“Be Ye Doers of the Word…” By Elizabeth Yeamans Simrell (Guest Blogger)

“Be Ye Doers of the Word…”

By Elizabeth Yeamans Simrell

Scripture Readings: James Chapter 1

Key Verses: James 1:22-25

“But prove yourselves doers of the word, and not merely hearers who delude themselves. For if anyone is a hearer of the word and not a doer, he is like a man who looks at his natural face in a mirror; for once he has looked at himself and gone away, he has immediately forgotten what kind of person he was. But one who looks intently at the perfect law, the law of liberty, and abides by it, not having become a forgetful hearer but an effectual doer, this man shall be blessed in what he does.”

The first part of this scripture is one that I have known most of my life, had memorized without effort because it was inscribed inside the church on the wall in a half-domed alcove where the altar was in the front of the church. I went to St. James’s Episcopal Church in Richmond, VA, as a child and “Be ye doers of the word and not ye hearers only” was written in that space. I remember reading it and thinking about it many times. That, in itself, is a lesson—what we are often exposed to becomes a part of our learning. If we read our Bibles often, the scripture will become a part of us also. This scripture is a part of my life and has been for a long time.

James, who was the half-brother of Jesus and whom the Apostle Paul respected and took advice from, as noted in my KEY WORD Study Bible (NASB) (Acts 21:18-26), makes a point in the book that faith is manifested by action and that those who hear the word of God should be compelled to act on what they hear. Christians who hear the word and do nothing more with it than to acknowledge having heard it never grow in faith. They don’t recognize that they belong to the living God. I love the part of these verses that mentions looking in the mirror. It makes me remember that we are made in the image of God. If we look at our own reflection and do not recognize that we belong to God and do not act as a disciple of Christ, we “have forgotten what kind of person” we are meant to be.

If we hear the word of God and we ignore it, we are, as the parable warns, like the seed that falls on rocky ground and does not grow. James makes a point of saying later in the book that “faith without works is dead” (James 2:26).

I believe, as I wrote in a previous post, that Christians who sincerely accept Jesus as their savior and acknowledge Him do not lose their salvation if they “fall away,” presuming that God accepted their act of faith as genuine. But, that decision is God’s decision to accept. If faith does not demonstrate itself in good works, one might have to question the sincerity of the faith. If the Holy Spirit dwells within us, wouldn’t we naturally want to do God’s will?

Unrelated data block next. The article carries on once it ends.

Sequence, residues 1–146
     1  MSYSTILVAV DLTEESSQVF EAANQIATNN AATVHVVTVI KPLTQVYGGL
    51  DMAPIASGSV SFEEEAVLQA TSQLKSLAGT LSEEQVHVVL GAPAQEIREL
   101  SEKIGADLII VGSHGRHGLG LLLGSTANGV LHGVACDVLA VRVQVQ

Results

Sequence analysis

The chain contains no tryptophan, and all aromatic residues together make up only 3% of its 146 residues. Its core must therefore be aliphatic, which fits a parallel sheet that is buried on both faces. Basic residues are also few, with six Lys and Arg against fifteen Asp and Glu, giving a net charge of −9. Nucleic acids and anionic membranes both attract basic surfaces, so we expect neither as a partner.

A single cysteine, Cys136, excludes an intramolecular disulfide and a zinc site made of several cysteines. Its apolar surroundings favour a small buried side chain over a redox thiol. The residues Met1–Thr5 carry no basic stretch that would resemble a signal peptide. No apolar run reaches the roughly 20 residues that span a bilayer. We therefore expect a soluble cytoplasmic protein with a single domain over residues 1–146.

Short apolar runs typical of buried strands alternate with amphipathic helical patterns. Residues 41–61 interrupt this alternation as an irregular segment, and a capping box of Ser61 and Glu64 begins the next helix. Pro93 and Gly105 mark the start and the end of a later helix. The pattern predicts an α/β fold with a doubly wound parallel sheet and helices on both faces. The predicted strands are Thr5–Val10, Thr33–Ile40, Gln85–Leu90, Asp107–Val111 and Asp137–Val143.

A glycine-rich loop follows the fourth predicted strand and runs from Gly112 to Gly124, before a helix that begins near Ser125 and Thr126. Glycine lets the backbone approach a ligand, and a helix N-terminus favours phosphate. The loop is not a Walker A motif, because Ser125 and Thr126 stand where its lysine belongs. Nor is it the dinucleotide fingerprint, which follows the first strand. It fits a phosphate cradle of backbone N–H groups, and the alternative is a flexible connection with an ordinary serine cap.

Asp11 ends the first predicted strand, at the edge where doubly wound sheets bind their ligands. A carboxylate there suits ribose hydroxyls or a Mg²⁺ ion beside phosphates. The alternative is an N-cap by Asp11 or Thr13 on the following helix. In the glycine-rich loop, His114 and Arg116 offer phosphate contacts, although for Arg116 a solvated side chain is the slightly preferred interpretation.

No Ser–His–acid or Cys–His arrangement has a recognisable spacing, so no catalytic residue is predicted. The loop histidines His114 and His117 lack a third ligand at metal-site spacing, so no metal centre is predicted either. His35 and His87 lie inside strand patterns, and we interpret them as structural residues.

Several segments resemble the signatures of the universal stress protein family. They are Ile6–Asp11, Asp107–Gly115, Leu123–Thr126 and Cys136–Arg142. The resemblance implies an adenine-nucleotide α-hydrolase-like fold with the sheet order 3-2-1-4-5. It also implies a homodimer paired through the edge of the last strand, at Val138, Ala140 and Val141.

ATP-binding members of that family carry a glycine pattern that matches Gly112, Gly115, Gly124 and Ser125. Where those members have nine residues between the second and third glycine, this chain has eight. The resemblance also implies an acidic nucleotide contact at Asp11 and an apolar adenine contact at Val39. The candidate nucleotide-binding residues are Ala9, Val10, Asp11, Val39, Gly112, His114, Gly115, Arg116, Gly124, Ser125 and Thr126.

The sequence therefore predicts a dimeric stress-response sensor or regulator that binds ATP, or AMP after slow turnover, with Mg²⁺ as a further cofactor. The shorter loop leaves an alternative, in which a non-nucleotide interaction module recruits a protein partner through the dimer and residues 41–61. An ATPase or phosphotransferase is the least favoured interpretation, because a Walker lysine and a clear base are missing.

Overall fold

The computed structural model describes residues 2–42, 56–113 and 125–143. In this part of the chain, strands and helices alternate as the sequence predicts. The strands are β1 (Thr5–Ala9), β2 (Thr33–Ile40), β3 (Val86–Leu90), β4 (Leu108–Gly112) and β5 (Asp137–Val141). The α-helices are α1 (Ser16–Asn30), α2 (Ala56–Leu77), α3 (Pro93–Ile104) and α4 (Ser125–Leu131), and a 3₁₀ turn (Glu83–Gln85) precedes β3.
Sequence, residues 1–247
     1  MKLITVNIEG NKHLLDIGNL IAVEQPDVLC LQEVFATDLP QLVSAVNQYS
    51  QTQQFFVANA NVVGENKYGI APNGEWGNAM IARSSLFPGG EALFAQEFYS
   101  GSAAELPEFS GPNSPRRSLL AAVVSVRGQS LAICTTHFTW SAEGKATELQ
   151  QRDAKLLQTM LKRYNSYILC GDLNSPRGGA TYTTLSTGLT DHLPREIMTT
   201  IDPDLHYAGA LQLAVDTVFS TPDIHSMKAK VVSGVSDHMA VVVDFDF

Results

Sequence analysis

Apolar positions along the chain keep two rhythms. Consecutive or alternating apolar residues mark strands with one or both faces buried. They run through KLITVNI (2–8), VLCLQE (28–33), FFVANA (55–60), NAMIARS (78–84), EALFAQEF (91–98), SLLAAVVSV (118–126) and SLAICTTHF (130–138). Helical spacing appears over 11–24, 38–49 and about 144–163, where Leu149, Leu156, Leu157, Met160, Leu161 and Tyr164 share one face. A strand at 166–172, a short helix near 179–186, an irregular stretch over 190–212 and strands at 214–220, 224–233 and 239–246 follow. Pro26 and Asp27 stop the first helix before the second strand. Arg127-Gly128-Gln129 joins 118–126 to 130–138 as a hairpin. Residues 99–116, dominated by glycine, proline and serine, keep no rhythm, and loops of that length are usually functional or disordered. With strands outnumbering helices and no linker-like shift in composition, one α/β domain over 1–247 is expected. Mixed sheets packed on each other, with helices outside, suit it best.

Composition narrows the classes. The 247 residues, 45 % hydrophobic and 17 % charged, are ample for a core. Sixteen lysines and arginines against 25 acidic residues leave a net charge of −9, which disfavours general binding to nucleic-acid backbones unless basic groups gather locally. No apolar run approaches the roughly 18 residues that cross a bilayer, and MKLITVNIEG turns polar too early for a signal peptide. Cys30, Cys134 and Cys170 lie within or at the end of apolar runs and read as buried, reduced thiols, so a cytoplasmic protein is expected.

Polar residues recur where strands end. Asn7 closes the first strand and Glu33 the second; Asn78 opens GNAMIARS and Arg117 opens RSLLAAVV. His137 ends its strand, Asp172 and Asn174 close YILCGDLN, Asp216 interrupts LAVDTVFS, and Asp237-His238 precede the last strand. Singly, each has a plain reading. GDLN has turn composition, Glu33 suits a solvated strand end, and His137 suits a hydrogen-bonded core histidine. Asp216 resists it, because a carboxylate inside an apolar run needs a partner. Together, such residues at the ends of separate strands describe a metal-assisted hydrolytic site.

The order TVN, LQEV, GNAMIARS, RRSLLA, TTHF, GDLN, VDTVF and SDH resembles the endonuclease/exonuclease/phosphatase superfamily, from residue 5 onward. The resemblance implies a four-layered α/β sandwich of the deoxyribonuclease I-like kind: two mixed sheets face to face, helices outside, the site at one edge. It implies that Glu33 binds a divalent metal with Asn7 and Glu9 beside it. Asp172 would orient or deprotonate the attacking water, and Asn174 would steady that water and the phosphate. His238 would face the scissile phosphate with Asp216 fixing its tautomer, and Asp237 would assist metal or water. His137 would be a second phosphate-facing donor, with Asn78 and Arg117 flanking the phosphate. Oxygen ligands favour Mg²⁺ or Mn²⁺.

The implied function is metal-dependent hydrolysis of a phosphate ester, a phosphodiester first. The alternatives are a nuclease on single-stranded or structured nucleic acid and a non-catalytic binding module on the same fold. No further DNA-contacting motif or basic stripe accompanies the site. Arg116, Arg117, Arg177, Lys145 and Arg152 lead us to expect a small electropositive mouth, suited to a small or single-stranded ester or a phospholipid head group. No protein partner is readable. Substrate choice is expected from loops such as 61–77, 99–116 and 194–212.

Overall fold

This really does depend on spiritual growth—those who grow in faith will by their very nature want to do His will and that faith will be demonstrated in their actions.

James also says in Chapter 2 that acknowledging God is not enough because even “the demons believe, and shudder” (James 2:19). This should make us pay attention!

James, the half-brother of Jesus whose own ministry was to bring other Jews to Christ, was one of the closest people to Jesus and his life and teachings. He was there. He saw. He believed. He lived with our Lord and grew up with Him as He lived in a physical body. He martyred himself for this belief. He tells us that to follow Jesus is to do His will, to act, to do good works in His name. That’s strong testimony and strong advice. We should not only want to do good works, we should be excited to do the will of God and to do so cheerfully.

Prayer: Lord Jesus, as I read my Bible, help me to understand your word so that I May cheerfully live according to your will and to do what is pleasing in your sight.

By Paul Simrell

The Reverend Paul W. Simrell has served for over thirty years in a variety of congregational and institutional settings. He is a recognized minister with standing in the Virginia region of the Christian Church (Disciples of Christ) in the United States and Canada and is nationally endorsed by the Christian Church (Disciples of Christ) for specialized ministry in both pastoral counseling and chaplaincy. Ordained in 1982, he has served congregations in Kentucky, Texas, Florida, and Virginia. He currently serves as the pastor of Elpis Christian Church, a small, historic congregation located just a few miles west of Richmond, Virginia. Elpis is the Greek word meaning “expectant hope.” He also serves on the associate clinical staff of the Virginia Institute of Pastoral Care, Richmond, Virginia, both as a pastoral counselor and a ministerial assessment specialist, specializing in executive, clergy and relationship coaching. He is a graduate of the University of Florida and Lexington Theological Seminary and has done advanced clinical training in chaplaincy and pastoral counseling at the University of Kentucky Medical Center in Lexington, Kentucky, Children’s Medical Center and Parkland Hospital in Dallas, Texas and the Virginia Institute of Pastoral Care in Richmond, Virginia. He is a Certified Pastoral Counselor, an ACPE Practitioner, and a member of the American Association of Christian Counselors. He is a Certified Facilitator of the Prepare-Enrich relationship assessment and skills-building program and served as a volunteer chaplain for over twenty years with the CJW Medical Center campuses in Richmond, Virginia. His avocational interests include playing the piano and drawing. He is very happily married to his wife Elizabeth Yeamans Simrell, a free-lance writer, who is also a Certified Facilitator for the Prepare-Enrich program. Good company in a journey makes the way seem shorter. — Izaak Walton

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